Technical errors made me lose the beginnings of this post two times in a row. Now I feel so far behind. I’ve seen so much in the past few days of driving. It’s been, well, string together a long list of superlatives that mean something like “double-plus-good” and you might start to capture it in words. The pictures will tell the story better than I can at this moment.
It is Tuesday, March 31st and I am sitting at a coffee shop in Queenstown. Drove here this morning from Wanaka. Tomorrow I start the Milford Track. The weather has been perfect. I was driving through rainforest on the West Coast the past few days and it didn’t rain once. Weird. After a while, those towering mountains of rolling dark green became a little monotonous, I have to say. But it set me up perfectly for the inland drive to the arid land around Lake Hawea. The low-shrub covered brown, pink and black hills were so barren in contrast. The sun was setting, so the vivid yellow light saturated the colors, and magnified the every crevice and bump with long black sideways shadows. It’s so hard to get anywhere on the South Island. I just have to stop and get out of my car every ten minutes. To stare or take a picture. Mostly to get a better full 360 degree view of the landscape without the dirty windshield or metal I am encased in blocking my view. I spent a lot of the driving time with my nose almos on the steering wheel so that I could see the tops of mountains and the tall trees passing over me.
A note on clothing here, because I know my readership is chocker with fashionistas. The past few days I have gotten in the habit of wearing long underwear bottoms under pants, with flip-flops and a t-shirt. Schizophrenic weather calls for schizophrenic outfits. The range of temperature just between shade and sunlight can be so much that I can never quite decide what to wear. This outfit (sort of) guarantees that at least one half of my body will be comfortable in any situation. I’m not winning any beauty pageants over here. Hygiene contests, either. But that’s alright for you, you can’t smell me from the states, can you?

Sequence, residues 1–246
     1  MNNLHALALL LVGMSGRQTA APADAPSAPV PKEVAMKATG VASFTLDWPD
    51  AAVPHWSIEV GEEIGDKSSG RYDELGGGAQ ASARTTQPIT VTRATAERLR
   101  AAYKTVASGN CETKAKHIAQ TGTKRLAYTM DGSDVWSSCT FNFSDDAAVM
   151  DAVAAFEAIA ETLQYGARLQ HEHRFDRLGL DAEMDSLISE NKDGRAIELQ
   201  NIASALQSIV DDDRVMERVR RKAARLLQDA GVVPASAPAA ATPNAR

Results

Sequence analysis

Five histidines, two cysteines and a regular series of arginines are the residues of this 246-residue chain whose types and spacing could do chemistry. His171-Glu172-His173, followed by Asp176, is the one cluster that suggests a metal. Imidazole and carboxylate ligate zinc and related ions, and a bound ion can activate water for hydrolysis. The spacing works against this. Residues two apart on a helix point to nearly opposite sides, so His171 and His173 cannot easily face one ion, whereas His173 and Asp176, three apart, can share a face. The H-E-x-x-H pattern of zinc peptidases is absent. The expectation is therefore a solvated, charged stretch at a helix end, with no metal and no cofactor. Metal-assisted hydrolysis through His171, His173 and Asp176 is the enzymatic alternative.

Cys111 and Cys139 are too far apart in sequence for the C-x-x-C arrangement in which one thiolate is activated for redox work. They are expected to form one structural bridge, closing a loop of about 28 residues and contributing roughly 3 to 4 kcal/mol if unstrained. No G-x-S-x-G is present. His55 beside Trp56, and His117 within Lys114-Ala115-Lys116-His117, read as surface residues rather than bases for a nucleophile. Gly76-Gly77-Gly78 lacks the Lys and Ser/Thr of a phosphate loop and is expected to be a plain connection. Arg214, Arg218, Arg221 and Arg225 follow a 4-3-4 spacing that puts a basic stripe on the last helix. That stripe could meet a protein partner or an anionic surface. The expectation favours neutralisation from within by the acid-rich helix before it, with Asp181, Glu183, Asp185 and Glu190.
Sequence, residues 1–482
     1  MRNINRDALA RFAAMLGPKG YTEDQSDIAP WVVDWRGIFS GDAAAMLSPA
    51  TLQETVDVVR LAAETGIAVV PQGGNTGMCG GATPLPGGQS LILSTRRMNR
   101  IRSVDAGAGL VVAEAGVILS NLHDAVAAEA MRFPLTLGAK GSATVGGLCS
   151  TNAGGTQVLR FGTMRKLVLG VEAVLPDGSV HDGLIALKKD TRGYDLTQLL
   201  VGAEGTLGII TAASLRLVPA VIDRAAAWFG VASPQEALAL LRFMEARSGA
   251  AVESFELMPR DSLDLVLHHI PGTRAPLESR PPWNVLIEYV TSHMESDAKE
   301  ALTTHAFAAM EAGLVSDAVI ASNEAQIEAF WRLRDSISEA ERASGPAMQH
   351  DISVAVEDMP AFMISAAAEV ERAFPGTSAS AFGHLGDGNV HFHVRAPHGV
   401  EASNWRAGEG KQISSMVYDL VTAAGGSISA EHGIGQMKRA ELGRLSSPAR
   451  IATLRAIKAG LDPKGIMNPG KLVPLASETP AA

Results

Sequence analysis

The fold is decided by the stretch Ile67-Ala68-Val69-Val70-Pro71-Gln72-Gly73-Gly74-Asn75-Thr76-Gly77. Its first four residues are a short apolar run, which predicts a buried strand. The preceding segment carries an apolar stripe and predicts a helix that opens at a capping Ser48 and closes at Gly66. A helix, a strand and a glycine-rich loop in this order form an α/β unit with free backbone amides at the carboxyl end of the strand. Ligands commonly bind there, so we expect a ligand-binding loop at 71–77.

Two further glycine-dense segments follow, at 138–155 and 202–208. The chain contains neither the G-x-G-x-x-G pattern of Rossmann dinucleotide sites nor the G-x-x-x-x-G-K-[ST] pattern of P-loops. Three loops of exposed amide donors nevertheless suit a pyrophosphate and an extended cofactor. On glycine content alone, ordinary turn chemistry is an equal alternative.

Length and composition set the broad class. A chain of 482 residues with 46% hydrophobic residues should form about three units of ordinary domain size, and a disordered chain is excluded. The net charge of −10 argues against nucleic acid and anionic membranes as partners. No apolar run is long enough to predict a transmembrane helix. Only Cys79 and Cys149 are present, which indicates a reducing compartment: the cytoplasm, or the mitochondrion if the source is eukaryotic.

I just went on a little spending spree here. My memory cards are perilously full so I bought another 8GB card. I don’t even know how long that will last me. I still have a month of picture-taking to go! And I also got myself a down sleeping bag rated to 0 degrees Celsius (that’s freezing point, or 32 degrees Fahrenheit, for those of you still using that silly and outdated measurement system).
Since I am going to be broke anyways, I have started considering spending some money on skydiving as well. I probably shouldn’t have mentioned that here, since my Mom is a devoted reader. I’ll let you know if I do it, after I have survived.
Just a note: I will be starting the Milford Track tomorrow, April 1st. It’s a 4-5 day walk, so I will be incommunicado. And hopefully in a state of of-the-grid bliss. The man in the store where I bought the sleeping bag says I have got the best weather for the Track. Lucky lucky me. Since I booked myself on it in January, there was no way to foretell.
The Fox Glacier was awesome as well. And I use that word literally. It was even bigger than the Franz Josef, and the walk in was quite different as well. To the right were towering cliff faces over five hundred feet tall. Along the tops and down about half-way were balls of green, clinging to the sides like moss. The rock face was inciseed with deep vertical lines all along it. Little glacial pools were a hard-to-believe hue of blue, laced with milky whiteness. Reminding me a bit of those red, white and blue rocket shaped icicle pops we used to have at the pool as kids. Minus the red, of course.I really don’t understand what makes the water the colors it is here. Something to look up when I get home, I suppose.
On the drive when the road came back out to the coast again there were tantalizing waves in the bay there. Really long lines of swell coming in at regular intervals. Farther down the beach to my left they seemed to be breaking in nice lines, far enough out from the beach to be rideable. The wind was blowing around in different directions, but predominantly off-shore, holding up the faces. It looked so good. I sat fror a while studying them, and walking down the beach getting a closer look. The only possible problem seemed to be the break right at the beach. Like another shore I have seen before, it sloped steeply down into the waves. So when the swell reached the hill it would rise up menacingly, hollow out and close with a thunderous bang. i thought I might find a place to paddle out, so I suited up, grabbed the board and went down.
I stood on the beach with my board under my arm watching. A big break on the beach not too far from where I stood, sent a whole lot of water shotdun-like at my feet. Picking up all the little pebbles and some distrubingly larger ones and bouncing them across my feet. Ouch. Twenty minutes of walking up and down the beach and I couldn’t find anywhere that I was confident of trying to paddle out from. If I had been with someone else, and gotten a second opinion about it, I might’ve given it a shot. But those waves breaking on the beach looked a tad dangerous. Would behard to drive myself to Te Anau with broken legs. The closer I got to those good-looking waves the more I realized they were probably a bit too big and steep for me anyways and were probably crashing onto a pretty shallow bed of water. Oh well. Disappointed I walked back to the car. For the best, though, I still had some miles to cover and it was already past 3pm.
The drive to Lake Hawea as the sun was setting cheered me up enormously. I will try to get pictures of this whole day up tonight with captions.